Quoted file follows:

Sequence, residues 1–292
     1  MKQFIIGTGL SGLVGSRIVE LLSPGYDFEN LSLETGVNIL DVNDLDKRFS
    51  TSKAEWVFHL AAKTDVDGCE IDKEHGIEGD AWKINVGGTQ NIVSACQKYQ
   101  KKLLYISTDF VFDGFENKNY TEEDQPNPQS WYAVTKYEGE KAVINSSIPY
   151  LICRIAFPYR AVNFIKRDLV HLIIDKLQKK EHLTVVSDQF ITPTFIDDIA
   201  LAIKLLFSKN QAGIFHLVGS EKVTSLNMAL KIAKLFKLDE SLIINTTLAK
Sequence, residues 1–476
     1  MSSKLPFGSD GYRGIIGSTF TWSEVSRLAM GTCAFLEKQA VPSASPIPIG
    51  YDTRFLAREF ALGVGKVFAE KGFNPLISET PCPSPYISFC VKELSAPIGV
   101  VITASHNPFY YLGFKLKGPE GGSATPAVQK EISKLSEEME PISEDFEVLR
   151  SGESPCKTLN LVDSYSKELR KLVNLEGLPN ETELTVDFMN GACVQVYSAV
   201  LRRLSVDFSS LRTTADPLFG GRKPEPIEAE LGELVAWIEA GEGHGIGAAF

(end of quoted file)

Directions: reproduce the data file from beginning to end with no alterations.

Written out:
Sequence, residues 1–292
     1  MKQFIIGTGL SGLVGSRIVE LLSPGYDFEN LSLETGVNIL DVNDLDKRFS
    51  TSKAEWVFHL AAKTDVDGCE IDKEHGIEGD AWKINVGGTQ NIVSACQKYQ
   101  KKLLYISTDF VFDGFENKNY TEEDQPNPQS WYAVTKYEGE KAVINSSIPY
   151  LICRIAFPYR AVNFIKRDLV HLIIDKLQKK EHLTVVSDQF ITPTFIDDIA
   201  LAIKLLFSKN QAGIFHLVGS EKVTSLNMAL KIAKLFKLDE SLIINTTLAK
Sequence, residues 1–476
     1  MSSKLPFGSD GYRGIIGSTF TWSEVSRLAM GTCAFLEKQA VPSASPIPIG
    51  YDTRFLAREF ALGVGKVFAE KGFNPLISET PCPSPYISFC VKELSAPIGV
   101  VITASHNPFY YLGFKLKGPE GGSATPAVQK EISKLSEEME PISEDFEVLR
   151  SGESPCKTLN LVDSYSKELR KLVNLEGLPN ETELTVDFMN GACVQVYSAV
   201  LRRLSVDFSS LRTTADPLFG GRKPEPIEAE LGELVAWIEA GEGHGIGAAF